The final section, chapters 15-18, gives a well-rounded account of Stone's civil libertarianism. Chapter 15 indicates that, in Stone's conception, Socrates might have won an acquittal -- "had he conducted his defense as a free speech case." In Chapter 16, Stone sketches such a free speech defense as Socrates might have used. Of course, the question can be raised -- is not all of this severely anachronistic, reading the past in light of a Bill of Rights which it took two millenia to develop? And there are a number of places where Stone is irritatingly ahistorica1 in this book: "Critias was the first Robespierre," "Plato provides Leninist dictatorships with a precedent," etc.

But Stone thinks his is not an anachronistic interpretation, and in Chapter 17 he examines the climate of tolerance in fifth- and fourth-century Athens, in terms of "The Four Words" which were the cultural coinage of free expression: isegoria, isologia, eleutherostomos, and parrhesia (all synonyms for freedom of speech). Of course the "Socratic method" should not be confused with this freedom of speech. Only someone as uncritical as Karl Popper could take Socrates' contrived monologues, reflecting a corrosive negativism -- which promoted, by the way, precisely the sense of "strain" which seems to have obsessed Popper -- as having any consequences other than boredom, frustration, or despair among the unfortunate Athenians who strayed into Socrates' audience.

Of course Socrates did not employ such a free speech defense as Stone sketches. Chapter 18 argues that Socrates could not have invoked that defense without compromising his own political principles. Stone holds that Socrates, Plato and Xenophon were all such confirmed enemies of democracy that they couldn't take democratic rights seriously. He had already suggested that Socrates instead chose a form of suicide. Thus Stone's civil libertarianism shines through at its brightest, defending even those who would deny the freedom of speech to others. And he concludes that Athens' inability to secure civil liberties even unto Socrates "left a stain forever on democracy. That remains Athens' tragic crime."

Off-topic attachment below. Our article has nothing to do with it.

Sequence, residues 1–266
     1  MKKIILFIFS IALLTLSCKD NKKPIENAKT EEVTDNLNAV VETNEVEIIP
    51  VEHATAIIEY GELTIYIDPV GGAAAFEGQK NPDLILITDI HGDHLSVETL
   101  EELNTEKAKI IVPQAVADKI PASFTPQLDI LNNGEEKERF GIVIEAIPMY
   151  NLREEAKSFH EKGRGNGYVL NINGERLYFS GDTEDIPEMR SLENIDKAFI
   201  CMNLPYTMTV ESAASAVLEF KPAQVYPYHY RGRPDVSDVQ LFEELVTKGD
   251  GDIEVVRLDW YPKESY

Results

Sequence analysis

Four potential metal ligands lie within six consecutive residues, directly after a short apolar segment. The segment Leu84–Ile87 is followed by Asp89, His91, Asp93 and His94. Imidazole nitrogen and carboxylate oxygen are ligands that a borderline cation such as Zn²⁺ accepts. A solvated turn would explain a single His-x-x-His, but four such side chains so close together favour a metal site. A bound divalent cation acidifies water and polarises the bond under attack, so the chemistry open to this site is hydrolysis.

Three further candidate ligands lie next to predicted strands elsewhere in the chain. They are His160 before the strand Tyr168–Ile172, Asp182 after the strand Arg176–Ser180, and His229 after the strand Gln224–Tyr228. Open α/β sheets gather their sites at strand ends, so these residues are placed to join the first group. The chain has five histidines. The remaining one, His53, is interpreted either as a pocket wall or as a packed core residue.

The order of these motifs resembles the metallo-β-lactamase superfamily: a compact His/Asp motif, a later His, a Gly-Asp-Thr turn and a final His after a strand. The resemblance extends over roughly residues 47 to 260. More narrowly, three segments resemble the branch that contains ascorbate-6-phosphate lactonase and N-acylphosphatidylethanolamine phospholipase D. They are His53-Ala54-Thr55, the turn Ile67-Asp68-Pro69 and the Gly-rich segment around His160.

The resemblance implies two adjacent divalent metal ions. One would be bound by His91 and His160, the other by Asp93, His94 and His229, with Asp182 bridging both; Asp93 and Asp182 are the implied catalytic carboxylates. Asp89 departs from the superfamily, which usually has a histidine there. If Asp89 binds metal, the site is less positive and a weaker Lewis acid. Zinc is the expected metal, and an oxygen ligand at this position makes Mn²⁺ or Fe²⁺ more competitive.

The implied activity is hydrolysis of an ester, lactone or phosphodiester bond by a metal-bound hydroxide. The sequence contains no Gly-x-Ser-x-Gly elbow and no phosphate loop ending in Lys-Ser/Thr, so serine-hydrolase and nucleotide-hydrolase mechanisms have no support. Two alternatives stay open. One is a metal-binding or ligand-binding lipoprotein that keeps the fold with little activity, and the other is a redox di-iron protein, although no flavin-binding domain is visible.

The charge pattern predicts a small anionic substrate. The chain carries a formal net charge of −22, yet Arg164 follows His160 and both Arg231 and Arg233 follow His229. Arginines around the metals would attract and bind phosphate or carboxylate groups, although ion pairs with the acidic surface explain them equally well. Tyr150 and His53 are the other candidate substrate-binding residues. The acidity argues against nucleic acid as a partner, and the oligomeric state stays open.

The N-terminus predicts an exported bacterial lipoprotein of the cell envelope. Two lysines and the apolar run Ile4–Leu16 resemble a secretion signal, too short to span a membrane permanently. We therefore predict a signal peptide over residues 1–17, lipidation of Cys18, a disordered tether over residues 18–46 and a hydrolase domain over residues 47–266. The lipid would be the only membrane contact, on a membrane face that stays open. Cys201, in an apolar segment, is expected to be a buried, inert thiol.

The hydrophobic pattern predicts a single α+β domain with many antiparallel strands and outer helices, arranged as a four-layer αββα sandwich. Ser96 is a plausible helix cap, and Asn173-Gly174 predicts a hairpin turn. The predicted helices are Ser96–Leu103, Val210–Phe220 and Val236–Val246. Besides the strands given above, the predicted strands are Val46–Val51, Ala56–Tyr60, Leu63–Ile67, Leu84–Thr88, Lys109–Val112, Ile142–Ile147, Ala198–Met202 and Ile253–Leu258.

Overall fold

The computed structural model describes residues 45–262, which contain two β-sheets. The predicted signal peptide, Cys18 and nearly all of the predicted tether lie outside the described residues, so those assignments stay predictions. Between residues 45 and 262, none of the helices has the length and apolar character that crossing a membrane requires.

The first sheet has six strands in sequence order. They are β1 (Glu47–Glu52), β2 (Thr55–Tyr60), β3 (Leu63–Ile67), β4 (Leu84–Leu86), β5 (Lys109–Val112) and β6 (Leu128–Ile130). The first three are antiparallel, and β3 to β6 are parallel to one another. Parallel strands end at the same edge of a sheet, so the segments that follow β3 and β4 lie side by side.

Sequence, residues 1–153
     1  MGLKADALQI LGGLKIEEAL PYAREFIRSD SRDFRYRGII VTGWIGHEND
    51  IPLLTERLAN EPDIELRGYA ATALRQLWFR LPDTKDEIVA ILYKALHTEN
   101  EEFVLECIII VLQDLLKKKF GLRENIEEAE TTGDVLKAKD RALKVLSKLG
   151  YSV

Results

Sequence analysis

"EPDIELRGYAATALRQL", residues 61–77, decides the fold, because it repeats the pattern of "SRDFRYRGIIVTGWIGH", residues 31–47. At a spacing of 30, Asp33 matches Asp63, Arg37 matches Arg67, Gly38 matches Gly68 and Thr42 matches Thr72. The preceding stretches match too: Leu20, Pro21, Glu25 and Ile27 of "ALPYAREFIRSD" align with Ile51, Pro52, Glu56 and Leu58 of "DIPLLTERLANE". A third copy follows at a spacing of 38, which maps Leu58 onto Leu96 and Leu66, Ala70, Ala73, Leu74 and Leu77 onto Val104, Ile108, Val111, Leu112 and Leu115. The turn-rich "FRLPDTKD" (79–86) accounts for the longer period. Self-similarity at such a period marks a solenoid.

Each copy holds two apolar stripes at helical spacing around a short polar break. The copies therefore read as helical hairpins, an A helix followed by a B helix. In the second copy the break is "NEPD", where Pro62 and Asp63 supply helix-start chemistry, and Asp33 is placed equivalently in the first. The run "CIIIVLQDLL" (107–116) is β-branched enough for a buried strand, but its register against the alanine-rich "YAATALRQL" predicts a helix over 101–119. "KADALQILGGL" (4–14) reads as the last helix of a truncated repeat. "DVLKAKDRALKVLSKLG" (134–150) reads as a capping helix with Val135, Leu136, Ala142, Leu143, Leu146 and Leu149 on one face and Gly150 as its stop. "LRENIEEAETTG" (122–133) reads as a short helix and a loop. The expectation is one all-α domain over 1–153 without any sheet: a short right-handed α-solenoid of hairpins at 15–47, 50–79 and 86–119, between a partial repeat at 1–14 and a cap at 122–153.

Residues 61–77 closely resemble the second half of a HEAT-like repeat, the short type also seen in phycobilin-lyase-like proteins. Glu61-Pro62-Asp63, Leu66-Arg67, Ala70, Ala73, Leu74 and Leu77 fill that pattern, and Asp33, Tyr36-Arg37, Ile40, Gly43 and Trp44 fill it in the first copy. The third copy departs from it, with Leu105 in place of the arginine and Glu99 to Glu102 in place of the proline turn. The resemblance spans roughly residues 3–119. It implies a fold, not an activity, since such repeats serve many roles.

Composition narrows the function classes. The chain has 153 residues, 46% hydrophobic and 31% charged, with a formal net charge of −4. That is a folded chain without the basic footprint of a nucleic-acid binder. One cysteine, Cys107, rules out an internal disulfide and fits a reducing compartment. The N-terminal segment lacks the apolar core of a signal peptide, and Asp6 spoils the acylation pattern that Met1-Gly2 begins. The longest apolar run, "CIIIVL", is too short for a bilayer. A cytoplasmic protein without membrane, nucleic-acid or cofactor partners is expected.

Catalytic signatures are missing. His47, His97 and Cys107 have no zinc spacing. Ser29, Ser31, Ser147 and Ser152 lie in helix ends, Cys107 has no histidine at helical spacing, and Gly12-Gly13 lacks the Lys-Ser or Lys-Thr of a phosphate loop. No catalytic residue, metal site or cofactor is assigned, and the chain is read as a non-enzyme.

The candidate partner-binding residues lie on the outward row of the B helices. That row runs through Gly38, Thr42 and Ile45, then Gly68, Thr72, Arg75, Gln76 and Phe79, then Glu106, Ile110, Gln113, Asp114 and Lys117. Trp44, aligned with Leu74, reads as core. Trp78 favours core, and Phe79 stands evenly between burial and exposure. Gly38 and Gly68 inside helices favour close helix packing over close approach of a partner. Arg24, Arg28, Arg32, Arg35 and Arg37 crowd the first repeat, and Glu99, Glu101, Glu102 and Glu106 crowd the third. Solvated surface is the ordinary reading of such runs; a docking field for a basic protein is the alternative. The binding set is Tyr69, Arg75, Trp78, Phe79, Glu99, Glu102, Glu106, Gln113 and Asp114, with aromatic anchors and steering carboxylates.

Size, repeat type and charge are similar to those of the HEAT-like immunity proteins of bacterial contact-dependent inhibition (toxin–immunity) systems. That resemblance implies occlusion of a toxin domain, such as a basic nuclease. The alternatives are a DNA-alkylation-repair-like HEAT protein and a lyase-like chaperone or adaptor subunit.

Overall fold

But Stone's civil libertarian interpretation is ultimately unsatisfying. Consider its structure in its simplest form: (a) if Athens were true to herself, and (b) if Socrates was simply expressing himself, then (c) the trial would never have occurred. It is to his credit that Stone acknowledges that the content of (b) -- Socrates' self-expression -- might well have been philosophically worthless and insufferable as well. His is straightforwardly a free speech interpretation. But there are loose ends, all of which depend upon whether Socrates was a harmless idiosyncratic or a seditious conspirator, protected by the amnesty of 403 BCE.

Since (c) is historically false, either (a) or (b), or both, are false as well. Stone holds that (a) is false, that Athens was untrue to herself. But he fails to consider [266/267] the other possibility, that (b) is false. As a good investigative journalist, he knows that he must examine both possibilities. Perhaps Socrates was not simply expressing himself while "philosophizing," but was engaging in seditious activities instead, seeking to bring about another oligarchic coup. This possibility would require that we pay particular attention to the political biases of the principal sources. Both Plato and Xenophon were strongly motivated to represent Socrates as anything other than as a failed oligarchic conspirator. But it was Socrates who compared himself to the failed oligarchic conspirators, Aristogeiton and Harmodius, those who sought to overthrow the popular rule of Hippias in 514 BCE. That tantalizing allusion to anti-democratic forces is but one of the loose ends which the civil libertarian interpretation leaves behind. Perhaps it is time to build on the work of Stone, Wood and Wood (Class Ideology and Ancient Political Theory), Winspear, and others -- and seriously consider this alternative interpretation. [267//]


Patzer, Andreas (1985)Bibliographia Socratica Freiburg: Verlag Karl Alber

Popper, Karl (1962) The Open Society and Its Enemies Princeton: Princeton University Press, vol. I.

Raaflaub,Kurt (1983) "Democracy, Oligarchy and the Concept of the 'Free Citizen' in late Fifth-Century Athens" Political Theory, Vol. 11:517-544.

Raaflaub, Kurt (1985) Die Entdeckung der Freiheit Munich: Vestigia, Vol. 37

Russell, Bertrand (1945) History of Western Philosophy NY: Simon and Schuster

Stone, I.F. (1988)The Trial of Socrates Boston: Little, Brown and Company [$ 18.95]

Winspear, Alban and T. Silverberg (1939) Who Was Socrates? NY: Cordon Co.

Winspear, Alban (1956) The Genesis of Plato's Thought NY: Russell and Russell

Wood, Ellen M. and Neal Wood (1978) Class Ideology and Ancient Political Theory NY: Oxford University Press